Today, I set my house alarm off by mistake. The phone went dead. 

    Esther Blumenfeld (connected, I think)


    In Tents Dislike

    Recently, a friend called to ask if I’d like to go to summer camp with her. I responded, “Maybe,” but I really meant, “Hell, No!”

    When I was a kid, my friends attended all kinds of exciting specialty camps that offered horseback riding, classical music, ballet, drama, or science and technology. These places had beautiful names such as: Mountain Meadow, Eagle Hill and Chestnut Lake, and they cost a bundle. My parents didn’t have a bundle, so I was exiled to Camp Stagnant Water in South Dakota. 

    My cabin roof leaked, but only when it rained. It rained the entire week. I had chosen the bottom bunk, so I stayed relatively dry, but my bunkmate kept flicking spiders off her bed and they landed on me. Every night I watched her sagging mattress as it swayed and dipped closer to my face. She must have suffered from motion sickness because she threw up into my shoes twice. Obviously, her digestion wasn’t as good as her aim.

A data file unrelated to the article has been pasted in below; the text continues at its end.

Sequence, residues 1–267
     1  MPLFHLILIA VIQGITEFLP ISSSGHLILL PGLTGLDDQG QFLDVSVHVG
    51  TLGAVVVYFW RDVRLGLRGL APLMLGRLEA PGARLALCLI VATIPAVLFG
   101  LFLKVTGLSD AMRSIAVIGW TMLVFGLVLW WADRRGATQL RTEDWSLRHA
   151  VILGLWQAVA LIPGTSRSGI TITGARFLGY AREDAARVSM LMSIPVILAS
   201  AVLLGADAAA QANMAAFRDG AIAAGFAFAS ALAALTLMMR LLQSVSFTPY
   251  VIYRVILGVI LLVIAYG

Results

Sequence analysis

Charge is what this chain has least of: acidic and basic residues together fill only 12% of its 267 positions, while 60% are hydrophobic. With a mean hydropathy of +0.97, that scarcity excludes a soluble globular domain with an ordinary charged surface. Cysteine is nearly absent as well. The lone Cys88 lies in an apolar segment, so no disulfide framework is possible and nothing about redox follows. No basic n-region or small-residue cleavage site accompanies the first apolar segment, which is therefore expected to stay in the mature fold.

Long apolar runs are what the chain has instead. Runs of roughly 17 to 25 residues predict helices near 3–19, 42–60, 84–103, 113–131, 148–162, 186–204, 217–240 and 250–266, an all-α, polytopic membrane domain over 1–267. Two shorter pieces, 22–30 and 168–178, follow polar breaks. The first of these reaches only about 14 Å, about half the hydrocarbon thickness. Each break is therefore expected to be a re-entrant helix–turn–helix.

Counselor Bruin Hilda called the parents of one of the other girls in the cabin to come and get her because she put a pillow over the face of her snoring bunkmate. The snorer didn’t make it through the week either because she had chosen constipation over the snake rimmed outhouse, and had picked a bouquet of poison ivy.

    I only swam once in the river at Camp Stagnant Water, because when I got to shore, I was covered with hanging leeches. It was an educational experience. Counselor Bruin Hilda was waiting for me with lit matches. She kept yelling, “Stand still!” That was not easy to do with bloodsuckers clinging to my body and Bruin Hilda lighting them like firecrackers.